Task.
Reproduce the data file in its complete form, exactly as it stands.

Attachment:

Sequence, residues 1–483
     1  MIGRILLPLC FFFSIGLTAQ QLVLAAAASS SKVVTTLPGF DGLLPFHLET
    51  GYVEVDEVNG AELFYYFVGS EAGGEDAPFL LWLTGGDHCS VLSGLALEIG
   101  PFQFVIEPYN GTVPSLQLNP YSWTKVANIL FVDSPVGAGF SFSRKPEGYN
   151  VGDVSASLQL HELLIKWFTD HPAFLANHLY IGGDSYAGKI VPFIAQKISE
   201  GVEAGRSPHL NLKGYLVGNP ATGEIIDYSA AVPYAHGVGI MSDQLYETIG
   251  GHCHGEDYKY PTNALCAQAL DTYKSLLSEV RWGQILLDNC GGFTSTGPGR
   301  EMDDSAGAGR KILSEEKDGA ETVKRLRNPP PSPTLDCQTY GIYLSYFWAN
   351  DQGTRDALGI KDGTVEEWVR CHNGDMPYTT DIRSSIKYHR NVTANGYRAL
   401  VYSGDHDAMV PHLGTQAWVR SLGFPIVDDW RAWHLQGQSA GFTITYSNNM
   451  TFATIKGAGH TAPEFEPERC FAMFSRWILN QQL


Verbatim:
Sequence, residues 1–483
     1  MIGRILLPLC FFFSIGLTAQ QLVLAAAASS SKVVTTLPGF DGLLPFHLET
    51  GYVEVDEVNG AELFYYFVGS EAGGEDAPFL LWLTGGDHCS VLSGLALEIG
   101  PFQFVIEPYN GTVPSLQLNP YSWTKVANIL FVDSPVGAGF SFSRKPEGYN
   151  VGDVSASLQL HELLIKWFTD HPAFLANHLY IGGDSYAGKI VPFIAQKISE
   201  GVEAGRSPHL NLKGYLVGNP ATGEIIDYSA AVPYAHGVGI MSDQLYETIG
   251  GHCHGEDYKY PTNALCAQAL DTYKSLLSEV RWGQILLDNC GGFTSTGPGR
   301  EMDDSAGAGR KILSEEKDGA ETVKRLRNPP PSPTLDCQTY GIYLSYFWAN
   351  DQGTRDALGI KDGTVEEWVR CHNGDMPYTT DIRSSIKYHR NVTANGYRAL
   401  VYSGDHDAMV PHLGTQAWVR SLGFPIVDDW RAWHLQGQSA GFTITYSNNM
   451  TFATIKGAGH TAPEFEPERC FAMFSRWILN QQL